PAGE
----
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U.S. officials believe embassy car was targeted in Mexico ambush

MEXICO CITY — There is strong circumstantial evidence that Mexican federal police who fired on a U.S. Embassy vehicle, wounding two CIA officers, were working for organized crime in a targeted assassination attempt, the Associated Press reported Tuesday, citing an unnamed senior U.S. official.

A Mexican official with knowledge of the case confirmed on Tuesday that prosecutors are investigating whether the Beltran Leyva Cartel was behind the Aug. 24 ambush.

The Mexican official said that is among several lines of investigation into the shooting of an armored SUV that was clearly marked with diplomatic license plates on a rural road near Cuernavaca, south of Mexico City.

The Mexican official said one line of investigation is that members of the Beltran Leyva Cartel were interested in attacking the people in the car because some of their lookouts had seen them passing through the area and presumed they were investigating the cartel. It's possible they didn't know they were Americans.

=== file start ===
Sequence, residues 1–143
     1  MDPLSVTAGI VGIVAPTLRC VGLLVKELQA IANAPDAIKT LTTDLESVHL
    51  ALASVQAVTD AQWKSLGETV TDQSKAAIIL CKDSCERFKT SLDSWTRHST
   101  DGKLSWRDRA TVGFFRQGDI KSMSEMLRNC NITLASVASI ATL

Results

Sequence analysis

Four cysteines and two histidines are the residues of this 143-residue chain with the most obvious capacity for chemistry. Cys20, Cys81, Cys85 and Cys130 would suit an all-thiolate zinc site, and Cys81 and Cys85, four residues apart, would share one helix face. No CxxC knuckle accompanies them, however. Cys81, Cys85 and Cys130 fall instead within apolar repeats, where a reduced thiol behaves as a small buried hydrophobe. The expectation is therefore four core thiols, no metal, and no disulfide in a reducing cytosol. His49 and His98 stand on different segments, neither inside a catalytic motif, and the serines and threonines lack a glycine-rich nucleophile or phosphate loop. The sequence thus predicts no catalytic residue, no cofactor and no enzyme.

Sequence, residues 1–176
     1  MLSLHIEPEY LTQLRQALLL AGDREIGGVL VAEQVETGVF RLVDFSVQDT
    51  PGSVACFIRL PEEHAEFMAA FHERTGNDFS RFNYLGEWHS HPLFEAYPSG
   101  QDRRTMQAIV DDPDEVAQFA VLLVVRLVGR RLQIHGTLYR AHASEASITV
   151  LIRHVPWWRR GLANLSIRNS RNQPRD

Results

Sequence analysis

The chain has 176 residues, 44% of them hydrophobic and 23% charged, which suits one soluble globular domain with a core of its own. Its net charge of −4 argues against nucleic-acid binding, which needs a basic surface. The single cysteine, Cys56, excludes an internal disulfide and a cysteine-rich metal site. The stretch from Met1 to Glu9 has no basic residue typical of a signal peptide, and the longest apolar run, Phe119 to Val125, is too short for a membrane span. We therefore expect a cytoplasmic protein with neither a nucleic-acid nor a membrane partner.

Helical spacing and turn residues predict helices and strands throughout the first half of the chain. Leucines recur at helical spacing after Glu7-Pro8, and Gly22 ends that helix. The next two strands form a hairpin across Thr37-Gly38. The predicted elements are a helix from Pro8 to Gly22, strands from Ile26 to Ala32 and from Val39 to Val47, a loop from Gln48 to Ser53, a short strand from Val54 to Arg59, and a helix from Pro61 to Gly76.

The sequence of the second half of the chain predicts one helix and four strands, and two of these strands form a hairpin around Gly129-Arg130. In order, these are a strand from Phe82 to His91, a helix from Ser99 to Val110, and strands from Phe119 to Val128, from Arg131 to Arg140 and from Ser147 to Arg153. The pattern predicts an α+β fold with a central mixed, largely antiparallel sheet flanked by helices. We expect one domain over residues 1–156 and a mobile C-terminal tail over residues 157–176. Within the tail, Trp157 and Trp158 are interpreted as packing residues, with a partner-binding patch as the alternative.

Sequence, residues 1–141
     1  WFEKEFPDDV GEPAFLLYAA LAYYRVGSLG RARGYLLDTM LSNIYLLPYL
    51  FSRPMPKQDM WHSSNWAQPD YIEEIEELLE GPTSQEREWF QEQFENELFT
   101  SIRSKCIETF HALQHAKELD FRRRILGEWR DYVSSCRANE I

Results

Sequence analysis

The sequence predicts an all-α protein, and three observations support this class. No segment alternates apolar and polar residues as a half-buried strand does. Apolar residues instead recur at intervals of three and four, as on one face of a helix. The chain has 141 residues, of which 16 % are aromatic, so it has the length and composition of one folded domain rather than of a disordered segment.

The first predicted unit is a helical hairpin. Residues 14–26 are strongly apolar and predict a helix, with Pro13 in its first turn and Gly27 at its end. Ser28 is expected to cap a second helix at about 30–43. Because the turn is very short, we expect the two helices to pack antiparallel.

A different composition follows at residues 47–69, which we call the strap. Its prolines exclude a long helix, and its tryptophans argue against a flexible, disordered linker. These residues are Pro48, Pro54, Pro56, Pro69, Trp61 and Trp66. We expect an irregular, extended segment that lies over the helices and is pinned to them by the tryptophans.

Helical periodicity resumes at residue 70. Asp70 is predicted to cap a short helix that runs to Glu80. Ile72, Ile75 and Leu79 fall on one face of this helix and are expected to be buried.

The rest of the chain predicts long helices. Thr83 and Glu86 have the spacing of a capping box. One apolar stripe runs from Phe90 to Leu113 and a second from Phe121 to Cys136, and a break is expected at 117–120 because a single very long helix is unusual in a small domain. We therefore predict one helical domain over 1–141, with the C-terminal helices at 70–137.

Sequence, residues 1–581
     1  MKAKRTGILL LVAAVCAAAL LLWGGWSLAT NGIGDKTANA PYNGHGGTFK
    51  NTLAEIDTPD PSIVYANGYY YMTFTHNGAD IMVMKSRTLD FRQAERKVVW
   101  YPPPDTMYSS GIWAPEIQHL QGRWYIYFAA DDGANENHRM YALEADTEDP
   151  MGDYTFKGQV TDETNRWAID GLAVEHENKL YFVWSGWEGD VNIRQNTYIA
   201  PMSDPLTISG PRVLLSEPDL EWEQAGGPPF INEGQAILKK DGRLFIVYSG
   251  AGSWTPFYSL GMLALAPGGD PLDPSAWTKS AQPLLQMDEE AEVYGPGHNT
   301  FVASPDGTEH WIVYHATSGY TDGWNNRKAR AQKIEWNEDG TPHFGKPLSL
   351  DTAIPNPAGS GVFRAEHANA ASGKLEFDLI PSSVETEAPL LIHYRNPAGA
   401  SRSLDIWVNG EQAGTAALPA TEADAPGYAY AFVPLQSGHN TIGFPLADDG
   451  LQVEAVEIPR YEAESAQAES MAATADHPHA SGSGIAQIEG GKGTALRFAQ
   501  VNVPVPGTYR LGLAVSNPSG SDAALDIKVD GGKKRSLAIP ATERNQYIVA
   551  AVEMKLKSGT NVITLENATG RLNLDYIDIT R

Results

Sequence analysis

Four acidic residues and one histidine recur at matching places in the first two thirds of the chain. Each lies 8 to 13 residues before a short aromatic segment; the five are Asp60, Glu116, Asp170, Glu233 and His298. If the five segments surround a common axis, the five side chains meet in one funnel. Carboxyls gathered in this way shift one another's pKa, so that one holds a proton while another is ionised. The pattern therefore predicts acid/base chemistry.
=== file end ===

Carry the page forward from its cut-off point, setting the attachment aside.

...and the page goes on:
Federal police, at times battered by allegations of infiltration and corruption by drug cartels, have said the shooting was a case of mistaken identity as officers were looking into the kidnapping of a government employee in that area.

When asked by the AP if the Mexican federal police officers involved in the shooting were tied to organized crime, the U.S. official said the circumstantial evidence is pretty strong.

Both the U.S. and Mexican officials spoke on condition of anonymity because of the sensitivity of the diplomatic issue.

The federal police on Tuesday maintained the position that their agents fired on the vehicle by mistake, thinking it belonged to a band of kidnappers they were pursuing, according to a spokesman who was not authorized to speak on the record.

The U.S. State Department declined to discuss details.

Deportation flights

The U.S. government began flying Mexican deportees home on Tuesday in a two-month experiment aimed at relieving Mexican border cities overwhelmed with people ordered to leave the United States. The flights will run twice a week from El Paso, Texas, to Mexico City. The Mexican government will pay to return people from Mexico City to their hometowns, U.S. Immigration and Customs Enforcement said in a news release.

U.S. officials believe embassy car was targeted in Mexico ambush 10/02/12 [Last modified: Tuesday, October 2, 2012 9:46pm]

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